- You’re lucky you didn’t get to know the baby better. I would give anything for more time with my baby.
- It could have been worse. I heard a story… Nothing is worse to this family than the death of their own child right now.
- At least you have other children. I wanted to have all my children with me. Which of your children would you choose to not have?
- You’re young, you can have more. But I loved this baby, and I wanted to take him home.
- At least you know you can get pregnant. Nothing feels certain anymore. That brings little comfort.
- I know how you feel (even if you are a bereaved parent under similar circumstances) Nobody can know how sad I am.
- You will feel better in time. But how will I survive today?
- It’s time to get on with your life. This is my life now.
- You’re so strong. I did not choose this, strength is not something I’m good at.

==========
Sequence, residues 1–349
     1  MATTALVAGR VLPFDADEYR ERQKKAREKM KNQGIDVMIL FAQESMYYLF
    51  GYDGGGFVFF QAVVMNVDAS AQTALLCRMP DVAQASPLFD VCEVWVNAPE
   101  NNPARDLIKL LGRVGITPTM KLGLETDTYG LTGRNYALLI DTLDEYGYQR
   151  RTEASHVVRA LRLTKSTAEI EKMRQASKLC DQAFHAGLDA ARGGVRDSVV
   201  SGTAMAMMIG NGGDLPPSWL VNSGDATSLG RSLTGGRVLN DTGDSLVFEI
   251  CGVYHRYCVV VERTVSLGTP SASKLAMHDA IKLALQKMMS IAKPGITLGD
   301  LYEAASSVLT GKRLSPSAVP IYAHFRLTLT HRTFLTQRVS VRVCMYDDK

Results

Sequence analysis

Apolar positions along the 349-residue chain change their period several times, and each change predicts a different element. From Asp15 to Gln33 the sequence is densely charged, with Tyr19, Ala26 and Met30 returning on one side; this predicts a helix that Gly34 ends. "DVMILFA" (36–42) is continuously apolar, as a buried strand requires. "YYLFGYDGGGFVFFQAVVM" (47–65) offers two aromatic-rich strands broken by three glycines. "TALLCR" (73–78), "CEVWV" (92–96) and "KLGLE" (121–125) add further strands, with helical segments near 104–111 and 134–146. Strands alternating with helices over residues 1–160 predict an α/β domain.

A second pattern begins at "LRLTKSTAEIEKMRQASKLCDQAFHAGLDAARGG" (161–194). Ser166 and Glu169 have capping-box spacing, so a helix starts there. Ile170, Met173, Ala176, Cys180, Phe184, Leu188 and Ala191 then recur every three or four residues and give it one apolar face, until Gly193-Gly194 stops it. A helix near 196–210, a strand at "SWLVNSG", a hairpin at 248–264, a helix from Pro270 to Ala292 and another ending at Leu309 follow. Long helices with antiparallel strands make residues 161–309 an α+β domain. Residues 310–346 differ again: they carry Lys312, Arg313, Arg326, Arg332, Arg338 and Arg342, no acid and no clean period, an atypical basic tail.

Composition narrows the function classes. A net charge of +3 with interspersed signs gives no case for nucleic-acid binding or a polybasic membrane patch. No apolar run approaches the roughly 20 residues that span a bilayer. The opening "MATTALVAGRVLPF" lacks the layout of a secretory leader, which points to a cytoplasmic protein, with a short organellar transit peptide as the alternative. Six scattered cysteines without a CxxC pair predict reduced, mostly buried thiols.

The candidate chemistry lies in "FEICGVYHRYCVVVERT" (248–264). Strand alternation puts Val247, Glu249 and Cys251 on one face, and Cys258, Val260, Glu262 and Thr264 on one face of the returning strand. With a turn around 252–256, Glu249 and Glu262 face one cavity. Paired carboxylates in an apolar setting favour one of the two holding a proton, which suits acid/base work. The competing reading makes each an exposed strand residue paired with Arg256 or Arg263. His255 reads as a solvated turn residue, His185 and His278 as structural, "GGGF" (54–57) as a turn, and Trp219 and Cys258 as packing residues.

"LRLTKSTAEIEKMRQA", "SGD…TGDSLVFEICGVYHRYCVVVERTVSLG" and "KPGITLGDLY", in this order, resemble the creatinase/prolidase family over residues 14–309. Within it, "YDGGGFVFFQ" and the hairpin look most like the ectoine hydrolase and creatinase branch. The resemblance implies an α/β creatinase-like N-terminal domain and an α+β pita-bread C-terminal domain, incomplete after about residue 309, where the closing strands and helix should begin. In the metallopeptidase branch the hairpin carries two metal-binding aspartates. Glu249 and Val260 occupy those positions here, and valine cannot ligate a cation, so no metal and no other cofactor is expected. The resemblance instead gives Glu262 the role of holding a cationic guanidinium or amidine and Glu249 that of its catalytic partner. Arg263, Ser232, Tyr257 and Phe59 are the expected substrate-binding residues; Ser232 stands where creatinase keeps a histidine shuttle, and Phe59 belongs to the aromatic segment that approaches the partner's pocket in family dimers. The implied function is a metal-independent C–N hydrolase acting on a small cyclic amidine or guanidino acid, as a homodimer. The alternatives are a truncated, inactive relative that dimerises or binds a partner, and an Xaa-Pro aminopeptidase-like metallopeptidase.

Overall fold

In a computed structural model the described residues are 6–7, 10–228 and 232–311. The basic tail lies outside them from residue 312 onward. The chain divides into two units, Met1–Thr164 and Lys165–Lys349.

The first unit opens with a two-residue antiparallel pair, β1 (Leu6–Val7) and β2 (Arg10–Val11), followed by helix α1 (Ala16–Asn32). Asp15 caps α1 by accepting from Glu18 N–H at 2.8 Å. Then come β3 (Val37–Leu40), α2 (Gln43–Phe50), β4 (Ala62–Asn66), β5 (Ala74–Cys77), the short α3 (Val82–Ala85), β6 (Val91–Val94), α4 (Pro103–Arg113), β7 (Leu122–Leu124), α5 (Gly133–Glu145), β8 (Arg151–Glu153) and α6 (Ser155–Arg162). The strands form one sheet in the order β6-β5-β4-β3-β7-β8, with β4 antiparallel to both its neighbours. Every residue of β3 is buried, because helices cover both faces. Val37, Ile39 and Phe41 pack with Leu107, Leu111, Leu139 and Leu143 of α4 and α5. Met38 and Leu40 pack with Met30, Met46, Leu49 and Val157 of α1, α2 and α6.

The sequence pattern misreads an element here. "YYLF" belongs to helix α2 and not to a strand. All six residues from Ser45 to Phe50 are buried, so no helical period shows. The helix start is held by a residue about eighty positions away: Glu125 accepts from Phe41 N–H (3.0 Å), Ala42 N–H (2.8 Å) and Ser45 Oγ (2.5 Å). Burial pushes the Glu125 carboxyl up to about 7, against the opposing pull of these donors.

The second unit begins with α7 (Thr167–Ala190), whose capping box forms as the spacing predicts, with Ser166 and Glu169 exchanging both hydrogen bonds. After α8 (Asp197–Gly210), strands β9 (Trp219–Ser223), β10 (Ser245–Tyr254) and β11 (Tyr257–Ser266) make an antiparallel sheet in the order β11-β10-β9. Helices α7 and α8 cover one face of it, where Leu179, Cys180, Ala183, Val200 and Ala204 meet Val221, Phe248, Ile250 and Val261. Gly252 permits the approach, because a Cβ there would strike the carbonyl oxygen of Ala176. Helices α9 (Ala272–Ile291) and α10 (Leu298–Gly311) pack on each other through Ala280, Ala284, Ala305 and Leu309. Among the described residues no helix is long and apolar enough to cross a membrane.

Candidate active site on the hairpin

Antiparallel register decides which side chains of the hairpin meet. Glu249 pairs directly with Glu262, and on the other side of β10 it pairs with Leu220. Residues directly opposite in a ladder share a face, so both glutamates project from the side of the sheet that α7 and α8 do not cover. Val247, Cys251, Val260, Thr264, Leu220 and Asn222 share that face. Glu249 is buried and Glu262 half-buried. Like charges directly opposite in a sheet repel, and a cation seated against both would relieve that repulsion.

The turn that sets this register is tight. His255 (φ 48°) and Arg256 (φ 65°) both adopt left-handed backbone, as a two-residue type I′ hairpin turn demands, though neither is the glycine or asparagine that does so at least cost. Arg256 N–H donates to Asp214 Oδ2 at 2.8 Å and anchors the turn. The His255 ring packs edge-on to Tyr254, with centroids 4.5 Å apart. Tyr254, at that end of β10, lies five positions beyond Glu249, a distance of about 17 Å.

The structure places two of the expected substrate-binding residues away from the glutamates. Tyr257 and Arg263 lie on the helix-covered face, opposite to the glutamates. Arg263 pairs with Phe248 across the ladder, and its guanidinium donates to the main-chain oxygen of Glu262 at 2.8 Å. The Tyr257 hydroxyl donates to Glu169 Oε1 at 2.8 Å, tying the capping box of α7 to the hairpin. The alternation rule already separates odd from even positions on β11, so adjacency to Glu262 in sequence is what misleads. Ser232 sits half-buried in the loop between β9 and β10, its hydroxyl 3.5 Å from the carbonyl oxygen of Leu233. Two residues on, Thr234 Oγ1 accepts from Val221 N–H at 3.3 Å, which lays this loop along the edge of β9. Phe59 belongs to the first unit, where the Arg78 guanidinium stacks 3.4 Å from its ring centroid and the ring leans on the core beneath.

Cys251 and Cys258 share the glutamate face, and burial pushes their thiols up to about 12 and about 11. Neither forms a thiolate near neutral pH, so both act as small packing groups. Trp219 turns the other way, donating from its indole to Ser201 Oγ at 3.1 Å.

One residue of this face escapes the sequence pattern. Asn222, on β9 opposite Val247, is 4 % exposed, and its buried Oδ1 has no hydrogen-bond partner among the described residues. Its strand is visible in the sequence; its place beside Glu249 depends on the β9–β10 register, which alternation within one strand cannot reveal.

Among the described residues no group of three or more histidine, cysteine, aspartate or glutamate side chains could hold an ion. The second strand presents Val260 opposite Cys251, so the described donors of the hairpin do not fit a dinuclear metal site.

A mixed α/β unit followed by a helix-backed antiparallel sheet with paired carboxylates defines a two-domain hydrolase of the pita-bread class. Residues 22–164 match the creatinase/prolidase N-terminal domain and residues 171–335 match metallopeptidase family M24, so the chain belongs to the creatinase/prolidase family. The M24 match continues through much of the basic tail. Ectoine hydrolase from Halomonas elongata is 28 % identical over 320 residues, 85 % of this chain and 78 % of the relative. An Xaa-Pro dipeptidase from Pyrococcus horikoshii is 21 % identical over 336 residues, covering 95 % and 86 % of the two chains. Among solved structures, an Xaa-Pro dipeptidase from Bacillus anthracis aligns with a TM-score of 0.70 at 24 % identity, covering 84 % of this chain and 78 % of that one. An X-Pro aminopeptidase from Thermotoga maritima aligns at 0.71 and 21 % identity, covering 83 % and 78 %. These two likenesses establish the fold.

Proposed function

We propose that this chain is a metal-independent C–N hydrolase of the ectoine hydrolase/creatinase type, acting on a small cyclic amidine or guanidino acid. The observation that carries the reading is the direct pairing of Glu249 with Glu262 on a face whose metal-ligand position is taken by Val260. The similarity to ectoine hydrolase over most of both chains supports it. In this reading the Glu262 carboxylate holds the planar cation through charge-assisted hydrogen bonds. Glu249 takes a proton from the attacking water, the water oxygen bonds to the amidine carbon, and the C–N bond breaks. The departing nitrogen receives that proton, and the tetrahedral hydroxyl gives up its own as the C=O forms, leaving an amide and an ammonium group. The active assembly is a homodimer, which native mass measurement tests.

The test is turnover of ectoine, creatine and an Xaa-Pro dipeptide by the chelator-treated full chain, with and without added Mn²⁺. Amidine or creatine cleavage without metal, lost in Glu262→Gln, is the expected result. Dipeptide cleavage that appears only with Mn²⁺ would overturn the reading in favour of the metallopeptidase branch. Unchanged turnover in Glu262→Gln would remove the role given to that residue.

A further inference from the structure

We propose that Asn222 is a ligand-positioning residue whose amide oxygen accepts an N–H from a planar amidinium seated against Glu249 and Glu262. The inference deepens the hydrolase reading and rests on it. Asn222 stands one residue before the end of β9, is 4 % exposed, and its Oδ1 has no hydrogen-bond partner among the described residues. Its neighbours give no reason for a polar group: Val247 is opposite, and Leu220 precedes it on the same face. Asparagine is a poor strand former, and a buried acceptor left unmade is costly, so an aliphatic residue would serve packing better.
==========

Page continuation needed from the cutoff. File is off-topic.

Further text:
- I could never handle that. I didn’t ever imagine myself handling it, either. Please don’t point out that you, fortunately, don’t have to face this, and I do.
In general, it’s best to avoid all phrases that begin with “At least” or “Thank goodness that…”. Right now, families who are bereaved don’t want to hear platitudes. They are grieving, and they need validation that their loss is recognized and authentic. Supporting them in their grief will help to give them the space to gather the tools they need for their own healing. In time, they will build anew and weave this baby’s story into the fabric of their life. Grace them with the time to do this.